Representatives have gathered in New York for five days of milestone discussions that could prevent nuclear annihilation — but Britain was absent.
The talks aimed at agreeing a treaty to ban nuclear weapons were agreed by 123 countries at the general council last year.
They will discuss a motion to establish a “legally binding instrument to prohibit nuclear weapons, leading towards their total elimination.”
But many of the declared and non-declared nuclear powers voted against the move and will not be attending.
The British government is a founding signatory of the nuclear Non-Proliferation Treaty and claims to be committed to multilateral nuclear disarmament. This was reinforced in a Commons vote backing the replacement of the Trident nuclear weapons system in July last year as the motion included an agreement to press for “key steps towards multilateral disarmament.”
A YouGov poll found last week that three-quarters of Brits thought officials should attend the talks. However earlier this month Foreign Office Minister Alan Duncan told Parliament: “The UK did not participate in the organisational meeting on negotiating a treaty to prohibit nuclear weapons on February 16 and will not attend the substantive negotiations on March 27. We do not believe these negotiations will lead to effective progress on global nuclear disarmament. The best way to achieve this goal is through gradual multilateral disarmament negotiated using a step-by-step approach and within existing international frameworks.”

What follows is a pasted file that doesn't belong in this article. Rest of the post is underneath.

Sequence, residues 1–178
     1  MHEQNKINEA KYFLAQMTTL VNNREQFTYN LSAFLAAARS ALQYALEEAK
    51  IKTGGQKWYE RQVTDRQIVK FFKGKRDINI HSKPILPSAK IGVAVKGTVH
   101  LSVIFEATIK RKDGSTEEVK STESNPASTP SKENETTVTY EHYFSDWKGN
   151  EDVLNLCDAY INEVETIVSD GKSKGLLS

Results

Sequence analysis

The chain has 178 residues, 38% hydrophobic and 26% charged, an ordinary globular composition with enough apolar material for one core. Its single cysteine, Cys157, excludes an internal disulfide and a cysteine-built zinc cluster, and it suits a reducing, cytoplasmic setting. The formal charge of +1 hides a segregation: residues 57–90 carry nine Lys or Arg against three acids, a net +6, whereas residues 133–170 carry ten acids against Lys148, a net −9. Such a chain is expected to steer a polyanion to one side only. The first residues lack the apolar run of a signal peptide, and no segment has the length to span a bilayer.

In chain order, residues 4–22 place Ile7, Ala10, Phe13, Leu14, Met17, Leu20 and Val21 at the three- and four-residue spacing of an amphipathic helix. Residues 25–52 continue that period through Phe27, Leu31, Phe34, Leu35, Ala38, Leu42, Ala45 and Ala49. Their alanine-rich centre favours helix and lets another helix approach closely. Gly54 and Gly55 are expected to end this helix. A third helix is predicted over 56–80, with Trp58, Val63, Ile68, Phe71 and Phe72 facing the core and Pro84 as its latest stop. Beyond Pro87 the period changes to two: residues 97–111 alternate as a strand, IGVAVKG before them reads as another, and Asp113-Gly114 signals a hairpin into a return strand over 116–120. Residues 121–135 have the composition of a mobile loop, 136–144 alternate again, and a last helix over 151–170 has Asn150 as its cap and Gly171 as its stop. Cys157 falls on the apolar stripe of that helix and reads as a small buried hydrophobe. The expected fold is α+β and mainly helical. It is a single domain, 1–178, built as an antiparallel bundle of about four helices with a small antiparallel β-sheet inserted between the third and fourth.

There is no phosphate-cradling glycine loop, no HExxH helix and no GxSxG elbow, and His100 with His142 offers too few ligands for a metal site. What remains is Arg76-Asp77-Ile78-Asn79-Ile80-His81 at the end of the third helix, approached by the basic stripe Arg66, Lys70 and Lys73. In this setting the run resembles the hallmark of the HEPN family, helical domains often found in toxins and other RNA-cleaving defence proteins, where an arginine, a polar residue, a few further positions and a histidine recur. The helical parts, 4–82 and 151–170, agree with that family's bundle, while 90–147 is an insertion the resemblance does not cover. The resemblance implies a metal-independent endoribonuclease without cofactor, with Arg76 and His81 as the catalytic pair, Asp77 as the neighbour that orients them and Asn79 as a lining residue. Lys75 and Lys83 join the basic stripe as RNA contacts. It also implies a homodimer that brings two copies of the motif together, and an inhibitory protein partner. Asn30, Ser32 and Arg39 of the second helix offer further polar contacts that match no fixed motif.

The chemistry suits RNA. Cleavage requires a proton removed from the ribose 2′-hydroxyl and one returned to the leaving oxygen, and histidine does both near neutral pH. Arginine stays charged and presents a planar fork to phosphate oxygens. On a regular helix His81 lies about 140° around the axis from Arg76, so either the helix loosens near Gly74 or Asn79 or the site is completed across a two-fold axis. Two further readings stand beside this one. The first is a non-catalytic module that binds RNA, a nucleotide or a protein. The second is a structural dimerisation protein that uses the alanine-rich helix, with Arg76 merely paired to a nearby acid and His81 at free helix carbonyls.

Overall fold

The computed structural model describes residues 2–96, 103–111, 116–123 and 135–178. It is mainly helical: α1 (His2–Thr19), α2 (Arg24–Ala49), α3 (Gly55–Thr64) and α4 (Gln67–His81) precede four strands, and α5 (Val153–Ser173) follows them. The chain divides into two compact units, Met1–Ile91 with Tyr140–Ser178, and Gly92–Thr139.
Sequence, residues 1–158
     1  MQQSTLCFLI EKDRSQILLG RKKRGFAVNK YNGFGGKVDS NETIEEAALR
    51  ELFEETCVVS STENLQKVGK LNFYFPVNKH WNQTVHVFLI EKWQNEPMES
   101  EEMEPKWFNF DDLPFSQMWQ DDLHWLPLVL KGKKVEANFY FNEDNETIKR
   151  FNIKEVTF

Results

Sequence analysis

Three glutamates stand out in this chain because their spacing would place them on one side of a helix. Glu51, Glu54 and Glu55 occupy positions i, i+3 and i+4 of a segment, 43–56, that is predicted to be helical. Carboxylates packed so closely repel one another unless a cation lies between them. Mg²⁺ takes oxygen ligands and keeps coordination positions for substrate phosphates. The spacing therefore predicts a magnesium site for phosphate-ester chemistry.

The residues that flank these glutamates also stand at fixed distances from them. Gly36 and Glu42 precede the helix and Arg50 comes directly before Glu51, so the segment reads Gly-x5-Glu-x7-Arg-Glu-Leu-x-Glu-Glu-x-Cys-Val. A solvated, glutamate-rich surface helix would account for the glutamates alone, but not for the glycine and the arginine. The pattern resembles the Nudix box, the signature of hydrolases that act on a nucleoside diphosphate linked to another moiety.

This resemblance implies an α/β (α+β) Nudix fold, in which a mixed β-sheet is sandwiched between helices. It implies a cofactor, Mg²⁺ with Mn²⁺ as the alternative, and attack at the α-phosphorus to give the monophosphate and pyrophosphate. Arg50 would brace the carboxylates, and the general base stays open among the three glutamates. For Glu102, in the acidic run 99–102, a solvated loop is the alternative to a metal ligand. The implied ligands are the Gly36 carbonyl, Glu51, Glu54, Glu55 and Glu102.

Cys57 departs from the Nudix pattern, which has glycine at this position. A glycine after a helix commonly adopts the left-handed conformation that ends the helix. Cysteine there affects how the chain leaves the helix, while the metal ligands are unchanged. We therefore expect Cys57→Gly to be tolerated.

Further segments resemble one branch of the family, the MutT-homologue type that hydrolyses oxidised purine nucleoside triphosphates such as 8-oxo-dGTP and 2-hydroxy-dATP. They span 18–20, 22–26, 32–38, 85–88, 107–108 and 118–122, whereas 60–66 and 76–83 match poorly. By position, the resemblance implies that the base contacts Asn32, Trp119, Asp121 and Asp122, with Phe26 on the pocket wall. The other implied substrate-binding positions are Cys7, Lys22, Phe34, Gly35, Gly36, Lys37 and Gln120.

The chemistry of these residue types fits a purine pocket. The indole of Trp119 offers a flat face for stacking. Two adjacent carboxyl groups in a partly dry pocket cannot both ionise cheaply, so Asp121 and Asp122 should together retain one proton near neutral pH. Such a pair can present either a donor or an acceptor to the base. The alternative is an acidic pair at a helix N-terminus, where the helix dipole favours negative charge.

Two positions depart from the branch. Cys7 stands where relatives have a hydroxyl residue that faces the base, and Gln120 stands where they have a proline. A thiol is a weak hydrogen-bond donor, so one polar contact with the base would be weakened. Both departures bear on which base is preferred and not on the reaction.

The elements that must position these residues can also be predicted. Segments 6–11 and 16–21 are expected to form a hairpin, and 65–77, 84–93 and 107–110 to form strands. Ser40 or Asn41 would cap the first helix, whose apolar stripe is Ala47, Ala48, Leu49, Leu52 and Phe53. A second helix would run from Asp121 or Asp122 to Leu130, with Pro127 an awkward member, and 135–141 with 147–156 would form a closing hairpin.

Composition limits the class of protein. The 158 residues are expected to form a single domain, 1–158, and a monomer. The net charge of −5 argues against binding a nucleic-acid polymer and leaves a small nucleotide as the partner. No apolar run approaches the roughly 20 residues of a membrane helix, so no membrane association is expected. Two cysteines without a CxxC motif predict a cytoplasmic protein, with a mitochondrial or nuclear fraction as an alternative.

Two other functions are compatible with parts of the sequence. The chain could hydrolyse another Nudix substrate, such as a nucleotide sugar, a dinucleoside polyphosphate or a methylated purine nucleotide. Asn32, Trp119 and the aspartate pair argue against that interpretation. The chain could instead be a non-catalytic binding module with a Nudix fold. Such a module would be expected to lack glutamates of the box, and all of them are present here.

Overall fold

RfPUK Chair Jamie Creswell said “The government says it supports multilateral nuclear disarmament, so why is it boycotting a serious attempt by the overwhelming majority of the international community to do just that?”
RfPUK CEO Jehangir Sarosh agreed with CND general secretary Kate Hudson that the government wants a ‘step-by-step’ process to disarmament, but wonders when those steps will be taken. ‘After all, what’s lost by participating? One way forward is to sit down with world leaders and talk.”
RfPUK Director of Shared Security, Stephen Herman, will be continuing to invited faith communities and their representative in the UK to gather to examine the ethical challenges posed by continued investment in nuclear weapons and to offer an unequivocal voice in support their elimination. The aim is to raise awareness of the topic of multilateral nuclear disarmament within their faith communities at grass-roots levels, where it has been largely invisible.